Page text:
Harvey Anderson always knew the universe was against him, but there’s a lot of stuff he never expected to happen, like having a crush on the most popular girl at school, and then falling into a giant hole in the middle of nowhere with her. And if that wasn’t enough, somehow they managed to release a soul-sucking, ancient witch as well. So yeah, there’s that. You’d think it’d be pretty hard to beat, but knowing Harvey’s luck, it’s about to get a whole lot worse.
K. A. Last was born in Subiaco, Western Australia, and moved to Sydney when she was eight. Artistic and creative by nature, she studied Graphic Design and graduated with an Advanced Diploma. After marrying her high school sweetheart, she concentrated on her career before settling into family life. Blessed with a vivid imagination, she began writing to let off creative steam, and fell in love with it. K. A. Last is currently studying her Bachelor of Arts at Charles Sturt University, with a major in English, and minors in Children’s Literature, Art History, and Visual Culture. She now resides in the countryside on the mid-north coast of NSW.
I shine my torch beam across the floor, then up the walls and back to the floor. An uneasy feeling settles into the pit of my stomach. I don’t want to ask the question I’m about to ask, but I can’t help myself.
“Are those human bones?”
Lian tenses beside me. “I hope not.”
Toni takes a few steps into the cave, moving to the left and skirting around the wall. I follow, and Lian comes close behind. I feel her grab the back of my T-shirt. I don’t mind the contact. I’m creeped out and glad I’m not down here by myself.
As we move farther into the cave, it becomes clear that something terrible must have happened here. Toni stops, and the light from her head torch shines on a human skull. I jump and a funny noise comes out of my mouth. Black, gaping holes stare at us. A huge spider slowly crawls out of one of the eye sockets, and an invisible finger traces my spine. Bile rises into my throat, and I supress the urge to vomit.
Lian grips my arm and presses against me. We crowd in behind Toni, neither of us prepared to have any space between us. For some reason, I feel safer huddled together when it’s probably not the best idea if we need to run away screaming.
“Yep. Definitely human,” Toni says.
She runs her torch around again and more skulls shine white in the darkness. Some of them are still attached to skeletons, which are sitting on rocks with their backs against the wall, bits of clothing draped off them. Other skulls lie on the ground, detached and without bodies. I keep my torchlight on the spider. I do not want it creeping up on me in the dark.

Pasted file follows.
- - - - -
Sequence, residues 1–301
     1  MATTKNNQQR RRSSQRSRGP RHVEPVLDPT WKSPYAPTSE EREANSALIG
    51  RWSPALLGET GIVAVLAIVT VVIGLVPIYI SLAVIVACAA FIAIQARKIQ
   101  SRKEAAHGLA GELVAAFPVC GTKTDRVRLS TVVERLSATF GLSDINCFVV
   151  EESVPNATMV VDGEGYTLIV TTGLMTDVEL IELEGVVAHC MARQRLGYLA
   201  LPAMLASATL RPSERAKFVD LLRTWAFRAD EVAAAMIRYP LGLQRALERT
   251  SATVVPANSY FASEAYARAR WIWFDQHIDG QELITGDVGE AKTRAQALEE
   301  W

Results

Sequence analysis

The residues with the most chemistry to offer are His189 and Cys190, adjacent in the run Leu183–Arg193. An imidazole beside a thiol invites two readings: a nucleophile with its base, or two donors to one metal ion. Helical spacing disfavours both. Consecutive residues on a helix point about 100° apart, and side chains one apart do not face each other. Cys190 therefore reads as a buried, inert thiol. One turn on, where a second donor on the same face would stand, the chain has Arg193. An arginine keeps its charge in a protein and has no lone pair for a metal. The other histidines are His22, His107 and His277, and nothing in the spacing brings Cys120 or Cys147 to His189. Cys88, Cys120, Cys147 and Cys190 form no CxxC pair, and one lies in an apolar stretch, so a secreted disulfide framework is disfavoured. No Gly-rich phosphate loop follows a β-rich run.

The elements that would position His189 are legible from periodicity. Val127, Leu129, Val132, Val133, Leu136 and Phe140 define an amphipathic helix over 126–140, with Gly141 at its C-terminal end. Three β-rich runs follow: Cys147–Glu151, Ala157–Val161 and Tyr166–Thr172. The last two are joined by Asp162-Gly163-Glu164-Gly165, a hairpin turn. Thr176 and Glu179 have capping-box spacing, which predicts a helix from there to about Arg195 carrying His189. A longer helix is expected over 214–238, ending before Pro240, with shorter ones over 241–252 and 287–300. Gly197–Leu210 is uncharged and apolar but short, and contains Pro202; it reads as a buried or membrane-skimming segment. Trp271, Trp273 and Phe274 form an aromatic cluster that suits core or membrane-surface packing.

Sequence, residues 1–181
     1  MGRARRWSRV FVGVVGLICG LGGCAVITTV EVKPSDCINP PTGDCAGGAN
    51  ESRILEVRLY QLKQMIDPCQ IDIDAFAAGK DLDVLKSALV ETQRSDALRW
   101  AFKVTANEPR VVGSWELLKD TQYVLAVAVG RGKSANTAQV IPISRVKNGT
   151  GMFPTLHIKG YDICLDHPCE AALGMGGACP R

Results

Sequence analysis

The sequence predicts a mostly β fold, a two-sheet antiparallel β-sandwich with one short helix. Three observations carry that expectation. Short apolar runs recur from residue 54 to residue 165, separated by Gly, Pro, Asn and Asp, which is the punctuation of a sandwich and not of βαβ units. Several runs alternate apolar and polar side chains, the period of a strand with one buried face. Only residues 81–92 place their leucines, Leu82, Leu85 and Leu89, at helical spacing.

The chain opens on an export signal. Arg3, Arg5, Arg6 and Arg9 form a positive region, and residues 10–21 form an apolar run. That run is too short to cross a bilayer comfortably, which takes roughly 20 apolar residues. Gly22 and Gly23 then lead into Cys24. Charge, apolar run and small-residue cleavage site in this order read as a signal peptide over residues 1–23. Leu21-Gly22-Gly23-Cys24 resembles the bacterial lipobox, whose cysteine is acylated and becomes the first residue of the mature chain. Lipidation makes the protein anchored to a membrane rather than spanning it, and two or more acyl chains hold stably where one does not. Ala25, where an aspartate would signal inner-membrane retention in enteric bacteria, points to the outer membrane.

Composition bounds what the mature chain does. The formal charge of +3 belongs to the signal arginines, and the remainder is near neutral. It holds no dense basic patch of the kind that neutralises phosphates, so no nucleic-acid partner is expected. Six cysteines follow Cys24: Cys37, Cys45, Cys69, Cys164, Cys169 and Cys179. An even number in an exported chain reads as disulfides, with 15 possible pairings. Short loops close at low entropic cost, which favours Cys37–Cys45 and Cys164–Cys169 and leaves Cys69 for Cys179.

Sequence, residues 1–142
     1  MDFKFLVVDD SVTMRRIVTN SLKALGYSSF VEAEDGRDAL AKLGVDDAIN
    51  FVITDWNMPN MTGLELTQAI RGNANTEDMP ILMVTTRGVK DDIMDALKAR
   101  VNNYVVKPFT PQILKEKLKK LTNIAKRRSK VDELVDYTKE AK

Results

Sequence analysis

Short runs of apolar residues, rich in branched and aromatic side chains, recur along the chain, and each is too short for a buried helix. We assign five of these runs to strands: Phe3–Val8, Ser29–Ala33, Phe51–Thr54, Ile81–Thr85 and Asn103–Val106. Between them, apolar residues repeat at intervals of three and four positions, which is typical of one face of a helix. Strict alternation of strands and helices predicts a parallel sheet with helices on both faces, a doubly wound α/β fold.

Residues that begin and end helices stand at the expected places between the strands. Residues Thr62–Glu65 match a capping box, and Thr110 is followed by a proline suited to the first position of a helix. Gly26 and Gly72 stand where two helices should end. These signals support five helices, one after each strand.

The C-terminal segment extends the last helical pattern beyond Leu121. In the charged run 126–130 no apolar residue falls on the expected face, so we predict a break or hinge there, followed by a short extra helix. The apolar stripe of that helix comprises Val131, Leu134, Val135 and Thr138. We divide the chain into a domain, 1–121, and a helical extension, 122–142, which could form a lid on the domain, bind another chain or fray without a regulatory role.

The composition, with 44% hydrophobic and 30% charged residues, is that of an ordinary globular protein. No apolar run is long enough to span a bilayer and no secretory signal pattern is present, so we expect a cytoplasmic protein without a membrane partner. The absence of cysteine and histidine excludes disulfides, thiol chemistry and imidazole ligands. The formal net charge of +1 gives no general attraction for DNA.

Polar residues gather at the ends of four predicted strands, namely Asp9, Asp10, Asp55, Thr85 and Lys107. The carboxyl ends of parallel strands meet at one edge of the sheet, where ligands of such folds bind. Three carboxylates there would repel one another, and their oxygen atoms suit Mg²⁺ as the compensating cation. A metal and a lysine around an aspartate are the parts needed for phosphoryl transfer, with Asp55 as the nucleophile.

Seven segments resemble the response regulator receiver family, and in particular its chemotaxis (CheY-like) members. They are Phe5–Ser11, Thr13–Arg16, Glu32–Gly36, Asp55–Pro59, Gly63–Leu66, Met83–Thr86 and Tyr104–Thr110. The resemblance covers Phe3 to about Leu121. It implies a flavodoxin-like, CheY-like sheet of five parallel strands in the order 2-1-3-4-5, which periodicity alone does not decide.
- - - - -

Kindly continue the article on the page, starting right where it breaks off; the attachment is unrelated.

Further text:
“Who are they?” Lian asks.
“Something tells me we won’t find a driver’s licence in their pockets,” I say.
“Can anyone see the wand?” Toni takes another step forward.
Lian and I shuffle with her, and I grab her arm with my free hand. The three of us search the cave with our torches, and my stomach rolls again. Our lights bounce around, and then I catch something that glimmers.
“There!” I point and realise neither of the girls can see me because all our light is in front of us. “I think … oh God.” I train my light where I saw the shiny thing. “It’s … is that a hand?”
Finger bones curl around a stick with a stone at the end. The stone is black but shiny enough to reflect our torchlight. Twine binds the stone to the head of the wand in a twisted mass. It’s not very pretty.
“I don’t want it to be a hand,” Lian says. “Bags not getting it.”
Toni snorts. “Seriously?”
“What?” Lian says. “I said it first.”
“You can stay calm when a spider runs up your arm,” I say, “but you can’t pluck a stick from a dead person’s fingers?”
“You do it then. I have no trouble admitting I don’t want to touch dead people.”
Toni hasn’t offered to get it either, even after questioning Lian. She’s as scared as us, which makes this a whole lot worse. Up until now, Toni has been the level-headed one. The one with all the answers. Now, her arm shakes beneath my hand.
I take a breath. “Get ready to … I don’t know. Kill the dead people if they attack me.”
I let go of Toni and take a step around her. Lian lets go of my arm, and fear rushes through me as I lose physical contact with both the girls. I take a few measured steps towards the hand holding the wand, careful not to step on any bones along the way.
Until now, I haven’t considered that the hand might be attached to an arm, attached to a body. I shine my torch around and wish I hadn’t. It is attached to someone, or at least, a skeleton that used to be someone. Strips of fabric fall in tatters around the form. With every step, I get more scared.
“They’re all dead,” I mumble under my breath. “They can’t hurt me.”
Only we’re dealing with witches and magic here, and I don’t actually know that these bones will leave me alone. Especially since I’m about to take something from them. I edge forward and stretch out my free hand, clutching my torch tightly with the other. I stop and lean forward, not wanting to get any closer, and use the length of my arm to get the wand.
My fingers brush the bones as I grab the stick and I yelp, pulling my hand back.
“What?” Toni asks. “What is it?”
“Nothing,” I say.
I flex my fingers and try again, telling myself that it’s no big deal, they’re just bones. Finger bones, but just bones, nonetheless. I manage to grip the wand, and I pull to free it from the dead skeleton’s grasp. At first it doesn’t move, and then it comes away with a snap.
I jump back with the wand in my hand, the bony fingers still gripping to it.